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Moving Beyond the Page, which level?

Laura in MI

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I was researching and this afternoon and came across this! It looks awesome!


Dh wants me to get a curriculum for dss's 7 & 9, I agree. Our days haven't been going well, we need something planned for us. Our unschooling history hasn't been working because "there's nothing about history I want to learn about" :glare:


I was looking at starting either the 6-8 program or 7-9. Leaning more towards the 6-8 because they've been in PS and have many gaps. I also would like to change their attitude about learning.. And if we really like it and wan't to continue with it we'll have some more years to use ;)


Dh said to to get it, I just need to know a level. Would it be pointless to use the 6-8 level with a 7 (8 in May) and dyslexic (And possibly other LD's) 9 yo (10 in September)? I worry the level 7-9 will be to hard/ move to fast for dss9 because he's struggling with reading 3rd grade level books and by the end of that year they're reading 4th grade books.


Anyone who's used it which would you choose? :bigear:


Thank you! :001_smile:

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Firstly a confession - I have not used this but I have looked at it extensively thinking I might want to.


The curriculum is targeted at gifted children so I think starting at the lower level would be fine if you have regular/struggling children.


I don't think many people here have used it - there is a message board on the site if you want to ask more questions.


I'm still considering trying a unit for my DD but I'm still unsure - from the reviews of it that I've found quite a few people say it looks better on the website then what it actually is.


I would recommend starting with one unit to try over buying the whole curriculum in one shot


Here is a review I found of it http://cathyduffyreviews.com/unit-studies/moving-beyond-the-page.htm


Quote from the review - "At present, the curriculum is available for teaching kindergarten through sixth grades** at a gifted level. The same curriculum might be used with average students in grades one through seven." So basically if your kid is not gifted go back a grade.

Edited by sewingmama
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I have a relative who has been using MPTB. She absolutely loves it but she stressed to me that it is NOT for accelerated learners as advertised. A typical 6 year old will find it typical 6 year old work and that at age level, it is not challenging in anyway.


She suggested if I were to try it, I just buy one unit (not call unit, though... can't remember the word) to give is a shot. Since it is heavy in activities,though, it would not be for us.

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I recommend the 7-9 level. You can always read the books to your kids if they find reading them too difficult, and this is suggested in the parent manual. We have done a couple of lit units from 7-9, and aside from the writing, it's really not that advanced. I had pieced together a couple of the 6-8 units last year and from what I recall, I don't think your older son would find it challenging enough.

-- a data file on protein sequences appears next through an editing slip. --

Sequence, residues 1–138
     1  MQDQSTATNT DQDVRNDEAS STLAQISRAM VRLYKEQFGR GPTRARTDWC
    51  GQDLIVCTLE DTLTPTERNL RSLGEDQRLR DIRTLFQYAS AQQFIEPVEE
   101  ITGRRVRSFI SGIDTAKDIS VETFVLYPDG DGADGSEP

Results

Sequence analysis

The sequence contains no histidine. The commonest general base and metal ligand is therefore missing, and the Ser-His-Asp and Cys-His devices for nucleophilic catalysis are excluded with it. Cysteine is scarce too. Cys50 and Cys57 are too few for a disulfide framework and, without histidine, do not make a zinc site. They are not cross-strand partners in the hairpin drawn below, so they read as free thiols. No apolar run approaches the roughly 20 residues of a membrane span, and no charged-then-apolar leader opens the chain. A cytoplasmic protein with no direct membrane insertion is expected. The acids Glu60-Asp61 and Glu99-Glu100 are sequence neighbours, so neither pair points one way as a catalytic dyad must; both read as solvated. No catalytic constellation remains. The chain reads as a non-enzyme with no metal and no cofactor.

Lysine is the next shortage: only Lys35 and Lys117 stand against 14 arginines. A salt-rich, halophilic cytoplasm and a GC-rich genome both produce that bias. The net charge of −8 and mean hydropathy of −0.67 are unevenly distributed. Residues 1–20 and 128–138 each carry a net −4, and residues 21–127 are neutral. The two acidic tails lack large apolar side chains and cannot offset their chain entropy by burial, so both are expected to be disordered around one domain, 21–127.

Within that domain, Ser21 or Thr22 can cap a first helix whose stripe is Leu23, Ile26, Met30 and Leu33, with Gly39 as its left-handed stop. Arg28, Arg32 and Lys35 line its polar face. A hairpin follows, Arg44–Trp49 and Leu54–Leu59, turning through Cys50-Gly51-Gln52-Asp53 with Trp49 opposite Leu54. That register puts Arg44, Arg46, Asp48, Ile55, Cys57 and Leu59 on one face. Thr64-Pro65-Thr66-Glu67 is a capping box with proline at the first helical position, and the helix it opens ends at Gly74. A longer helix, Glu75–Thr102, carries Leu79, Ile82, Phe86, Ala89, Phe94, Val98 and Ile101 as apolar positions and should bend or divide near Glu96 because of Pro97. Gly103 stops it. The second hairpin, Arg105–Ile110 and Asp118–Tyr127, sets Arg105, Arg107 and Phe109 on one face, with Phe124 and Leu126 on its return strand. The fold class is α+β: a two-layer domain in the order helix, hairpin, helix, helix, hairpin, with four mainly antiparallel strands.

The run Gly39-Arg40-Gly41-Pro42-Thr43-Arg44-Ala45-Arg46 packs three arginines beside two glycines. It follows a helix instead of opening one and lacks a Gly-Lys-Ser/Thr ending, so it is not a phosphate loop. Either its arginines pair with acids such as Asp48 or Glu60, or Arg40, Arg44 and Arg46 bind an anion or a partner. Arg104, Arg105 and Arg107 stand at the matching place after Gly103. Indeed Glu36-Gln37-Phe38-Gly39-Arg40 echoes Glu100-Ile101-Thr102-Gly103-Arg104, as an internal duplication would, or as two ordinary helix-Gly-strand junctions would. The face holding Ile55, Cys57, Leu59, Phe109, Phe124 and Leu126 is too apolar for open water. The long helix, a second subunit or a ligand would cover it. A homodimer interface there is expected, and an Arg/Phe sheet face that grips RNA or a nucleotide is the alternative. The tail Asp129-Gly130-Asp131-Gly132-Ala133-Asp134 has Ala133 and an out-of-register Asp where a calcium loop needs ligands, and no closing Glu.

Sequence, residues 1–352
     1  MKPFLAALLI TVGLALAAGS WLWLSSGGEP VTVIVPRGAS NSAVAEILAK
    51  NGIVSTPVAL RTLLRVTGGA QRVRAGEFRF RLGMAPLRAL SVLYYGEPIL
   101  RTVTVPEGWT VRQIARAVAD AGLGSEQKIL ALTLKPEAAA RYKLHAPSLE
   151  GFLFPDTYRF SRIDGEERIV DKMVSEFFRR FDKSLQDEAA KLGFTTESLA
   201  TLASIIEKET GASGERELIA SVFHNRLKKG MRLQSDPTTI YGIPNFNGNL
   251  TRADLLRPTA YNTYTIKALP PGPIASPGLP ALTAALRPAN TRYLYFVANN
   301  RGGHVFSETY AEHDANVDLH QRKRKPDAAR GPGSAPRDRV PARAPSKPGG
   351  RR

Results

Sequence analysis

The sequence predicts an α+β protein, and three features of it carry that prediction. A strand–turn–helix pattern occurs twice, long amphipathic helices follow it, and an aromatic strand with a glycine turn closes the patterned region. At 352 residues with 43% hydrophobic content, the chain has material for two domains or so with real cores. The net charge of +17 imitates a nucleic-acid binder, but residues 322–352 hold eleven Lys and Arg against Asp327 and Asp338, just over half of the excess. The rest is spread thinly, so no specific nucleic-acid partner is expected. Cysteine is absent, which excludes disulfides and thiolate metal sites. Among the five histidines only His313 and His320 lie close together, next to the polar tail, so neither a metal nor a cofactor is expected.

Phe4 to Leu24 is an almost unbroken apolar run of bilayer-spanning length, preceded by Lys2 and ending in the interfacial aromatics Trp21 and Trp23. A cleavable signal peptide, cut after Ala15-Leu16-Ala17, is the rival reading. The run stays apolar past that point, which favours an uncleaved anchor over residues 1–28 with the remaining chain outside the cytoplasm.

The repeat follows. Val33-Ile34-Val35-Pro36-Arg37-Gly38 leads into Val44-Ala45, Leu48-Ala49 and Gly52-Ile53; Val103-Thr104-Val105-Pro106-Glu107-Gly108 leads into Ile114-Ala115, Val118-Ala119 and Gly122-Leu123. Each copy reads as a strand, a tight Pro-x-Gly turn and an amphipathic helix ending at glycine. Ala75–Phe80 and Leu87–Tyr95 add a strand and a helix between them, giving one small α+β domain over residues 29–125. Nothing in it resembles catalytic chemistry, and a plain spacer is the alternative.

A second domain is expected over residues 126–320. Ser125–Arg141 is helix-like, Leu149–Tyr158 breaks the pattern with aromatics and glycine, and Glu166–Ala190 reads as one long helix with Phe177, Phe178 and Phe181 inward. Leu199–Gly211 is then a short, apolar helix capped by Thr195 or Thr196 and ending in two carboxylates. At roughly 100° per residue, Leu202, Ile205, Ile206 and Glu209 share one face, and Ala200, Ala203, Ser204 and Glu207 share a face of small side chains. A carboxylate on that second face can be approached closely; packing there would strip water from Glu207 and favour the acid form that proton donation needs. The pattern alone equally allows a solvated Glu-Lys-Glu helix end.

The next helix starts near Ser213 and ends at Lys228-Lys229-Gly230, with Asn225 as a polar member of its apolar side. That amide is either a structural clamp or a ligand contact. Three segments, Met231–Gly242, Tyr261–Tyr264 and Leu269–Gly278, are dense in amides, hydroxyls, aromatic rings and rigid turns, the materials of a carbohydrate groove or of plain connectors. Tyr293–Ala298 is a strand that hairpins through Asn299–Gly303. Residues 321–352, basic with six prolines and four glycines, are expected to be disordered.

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My son is 7 and in the 2nd grade. We are using 6-8 and it is perfect for him, I think 7-9 would have been too difficult for him and there's much more writing, as well.


There is a Yahoo! Group and a facebook group for MBtP that you can join, too.


I get 95% of our books from the public library with no problem, so I do not purchase the books from them.


There are many MBtP families at: http://www.secularhomeschool.com I am sure if you ask your question there, you receive some more answers and advice.

Edited by Sade
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I have used this program and I made a mistake that I don't want anyone else to make.


First your child that is struggling to read needs a systematic approach to learning to read. This is from advice I was given after my daughter was at her lowest point emotionally over the struggle. There is so much I could add to explain but I am trying to keep it short. I am very passionate about not letting another child experience the same.


I chose 7-9 because I wanted to engage my daughter in science and SS where she was so strong. Like a grade level or two above.


I ignored the company's advice to choose based on reading level. I figured I could read the books for her but I felt like I was the one doing school. Plus I had a small child among other commitments.


The other challenge is the work pages. These are not worksheets but pages to record data from the lesson. Sometimes it is one word. Sometimes it is a sentence. My struggling reader stressed out when she had to take her complex idea and write it in sentence form. I did some for her but it is important for a struggling student to have opportunities for pencil on paper. That is per a dyslexic specialist.


My daughter loved learning about Helen Keller and making weather instruments. She had no problem with the concepts but the reading/writing was stressful.


We started in September and both were burned out and in tears by December.